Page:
Screening for colorectal cancer has been shown to reduce both incidence and mortality.4,51,52 Earlier-stage detection of colorectal cancer toward localized disease, more commonly treated with surgery, results in substantial cost savings spanning the continuum of cancer care, from the year of diagnosis (stage I, $30,000; stage IV, $67,000) through continuing years (stage I, $2500; stage IV, $11,000) to the last year of life (stage I, $54,000; stage IV, $76,000).53 Generally, adherence to colorectal cancer screening is more important than which strategy is used, with higher rates of screening being associated with a 25.5% reduction in annual colorectal cancer incidence.54 Despite these findings, more than one-third of eligible adults remain nonadherent to current colorectal cancer screening recommendations.55 Noninvasive stool testing improves compliance, with adherence nearly double that for colonoscopy.56 In addition, 97% of patients refusing colonoscopy accept a noninvasive screening test.12 Accordingly, the US Preventive Services Task Force recommends annual screening with a sensitive noninvasive stool test as part of a screening strategy for colorectal cancer.57 Although other screening modalities are considered effective,58 annual FIT screening for colorectal cancer is deemed more effective and less costly compared with other options.52 Moreover, newer FIT tests offer greater simplicity and sensitivity relative to historical fecal occult guaiac-based blood tests while remaining relatively inexpensive compared with other diagnostic screening modalities at $20 to $50 per kit.59


A few limitations to the study should be considered when interpreting the study findings. First, although the study reflects data from a large workforce, the study population may not necessarily represent the demographics of all employers. Second, because participation in the annual health screening program was voluntary, participation reflected about 65% of the entire pool of employees and spouses eligible to participate and might include those more likely to be engaged in their healthcare; however, this population is likely to reflect other employee wellness program populations. Third, the study is based on laboratory evidence of chronic disease and self-reported physician diagnosis, but physician diagnoses from health records were not available for study; thus, definite diagnoses cannot be made. However, those identified based on laboratory evidence and self-reported diagnoses should provide a good indication of the fraction of participants who would benefit from additional follow-up. Despite these limitations, knowledge of previously unrecognized disease may enable health engagement and more positive health outcomes for individuals in a large population.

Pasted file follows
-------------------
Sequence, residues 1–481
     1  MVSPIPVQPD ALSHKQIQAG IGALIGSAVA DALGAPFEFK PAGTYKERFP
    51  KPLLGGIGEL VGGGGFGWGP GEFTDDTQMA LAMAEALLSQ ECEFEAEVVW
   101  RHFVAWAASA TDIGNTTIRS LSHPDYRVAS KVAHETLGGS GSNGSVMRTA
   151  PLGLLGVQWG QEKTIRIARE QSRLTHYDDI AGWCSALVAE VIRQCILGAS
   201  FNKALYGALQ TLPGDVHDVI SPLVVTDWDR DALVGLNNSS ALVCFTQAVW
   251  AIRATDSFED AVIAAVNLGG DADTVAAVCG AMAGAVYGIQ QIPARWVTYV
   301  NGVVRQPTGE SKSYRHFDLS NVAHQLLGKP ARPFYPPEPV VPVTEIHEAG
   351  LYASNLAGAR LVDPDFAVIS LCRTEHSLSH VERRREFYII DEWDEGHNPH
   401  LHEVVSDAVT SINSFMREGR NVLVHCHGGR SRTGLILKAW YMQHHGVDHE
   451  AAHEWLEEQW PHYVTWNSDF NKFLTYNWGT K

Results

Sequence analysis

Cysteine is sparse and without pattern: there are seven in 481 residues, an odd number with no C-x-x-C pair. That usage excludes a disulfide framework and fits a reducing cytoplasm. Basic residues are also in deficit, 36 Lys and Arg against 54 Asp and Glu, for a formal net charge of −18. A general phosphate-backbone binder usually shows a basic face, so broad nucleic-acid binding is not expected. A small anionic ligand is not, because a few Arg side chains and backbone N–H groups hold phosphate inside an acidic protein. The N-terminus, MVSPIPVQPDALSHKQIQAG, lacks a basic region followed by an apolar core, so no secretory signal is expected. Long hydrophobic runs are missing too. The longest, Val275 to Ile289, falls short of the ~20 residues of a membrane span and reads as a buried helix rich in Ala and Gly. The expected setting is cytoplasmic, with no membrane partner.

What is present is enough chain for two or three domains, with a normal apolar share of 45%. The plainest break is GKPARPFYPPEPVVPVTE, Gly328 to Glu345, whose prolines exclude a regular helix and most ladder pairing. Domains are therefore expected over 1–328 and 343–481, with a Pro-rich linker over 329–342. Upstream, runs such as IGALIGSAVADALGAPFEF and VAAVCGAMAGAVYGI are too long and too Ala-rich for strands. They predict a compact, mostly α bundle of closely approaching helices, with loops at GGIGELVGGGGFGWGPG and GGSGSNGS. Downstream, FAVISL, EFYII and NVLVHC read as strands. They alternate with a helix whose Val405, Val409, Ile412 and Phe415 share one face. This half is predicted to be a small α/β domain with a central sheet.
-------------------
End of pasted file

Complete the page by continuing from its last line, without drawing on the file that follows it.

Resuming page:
Population health screening identifies early evidence of unrecognized prediabetes, diabetes, CKD, and colorectal cancer in large populations to improve health trajectories. Early identification enables prompt treatment that can prevent disease progression and yield positive value on investment. This study provides quantification of unknown health risk for conditions that are not always screened for in employee populations9 and extrapolates the health impact and opportunity for an employee population. Provided data and insights may facilitate the delivery of population health programs to targeted employee segments—a strategy required to drive results.10 Driven by data, care pathways may narrow gaps in care and improve patient understanding, clinical outcomes, quality of life, and productivity, which may further benefit population health. As chronic diseases present a substantial and growing economic burden to large employers in regard to both healthcare costs and productivity, employer-sponsored annual health screenings may facilitate the delivery of population health.

Author Affiliations: Quest Diagnostics, Secaucus, NJ (MSF), and San Juan Capistrano, CA (DS, CEB).

Source of Funding: Sponsorship for this analysis was provided by Quest Diagnostics.

Author Disclosures: Drs Fragala, Shiffman, and Birse are employees of and own stock in Quest Diagnostics, which provides laboratory testing services.

Authorship Information: Concept and design (MSF, DS, CEB); acquisition of data (MSF, DS, CEB); analysis and interpretation of data (MSF, DS, CEB); drafting of the manuscript (MSF); critical revision of the manuscript for important intellectual content (MSF, DS, CEB); statistical analysis (MSF); and provision of patients or study materials (MSF).

Address Correspondence to: Maren S. Fragala, PhD, Quest Diagnostics, 500 Plaza Dr, Secaucus, NJ 07094. Email: